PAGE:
Colorado Casinos and Gamers Celebrates the Changes in the State Gaming Law

Craps news

Colorado Casinos and Gamers Celebrates the Changes in the State Gaming Law

Casino officials in the state of Colorado threw parties to celebrate the implementation of the Amendment 50 state gaming law on July 2nd, 2009. Casino customers and officials alike were excited over the changes to Colorado's gaming laws that take effect at exactly at 12:01 a.m. including changing the maximum wager from $5 to $100. Casino facilities can now also offer craps and roulette and stay 24/7 instead of being compelled to close at exactly 2:00 a.m.

Steve Roark, the president of Jacobs Entertainment, which operates the Lodge and Gilpin casinos in Black Hawk said that he is feeling the same kind of excitement and energy when they had opened the Lodge and Gilpin facility in June 1998. Officials representing the main beneficiaries of Colorado's gaming tax revenue-the historical society and state colleges-joined Steve Roark for a ribbon cutting and dice ceremony to welcome the changes allowed under the new gaming law.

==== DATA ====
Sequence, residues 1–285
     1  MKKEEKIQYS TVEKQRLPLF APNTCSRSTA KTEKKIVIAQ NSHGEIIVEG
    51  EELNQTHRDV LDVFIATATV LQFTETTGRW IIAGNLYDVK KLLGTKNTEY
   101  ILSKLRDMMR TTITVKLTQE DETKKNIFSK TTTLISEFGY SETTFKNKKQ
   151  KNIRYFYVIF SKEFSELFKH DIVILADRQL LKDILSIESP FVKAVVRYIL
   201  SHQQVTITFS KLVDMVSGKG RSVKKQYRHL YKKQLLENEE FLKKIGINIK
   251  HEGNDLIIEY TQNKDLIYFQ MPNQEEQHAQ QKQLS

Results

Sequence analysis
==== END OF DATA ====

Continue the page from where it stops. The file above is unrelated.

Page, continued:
Embroiled in a historic slump that started in January 2008, the Colorado gambling industry went all out in welcoming the changes that is expected to help casino operators in Colorado to cope up with financial crisis. The first official craps wager at the Lodge and Gilpin Casino was made by Nancy McCallin, the president of the Colorado Community College System and Ed Nichols, the president of the Colorado Historical Society.

The facility pledged to donate to their respective groups $1,000 multiplied by the number they get during the dice toss. Both rolled 6's, earning six thousand . But that figure pales in comparison from the $7 million to $10 million that McCallin estimates that community colleges will get from gaming tax revenue from the 1st year of the gaming changes.


Peter McCarthy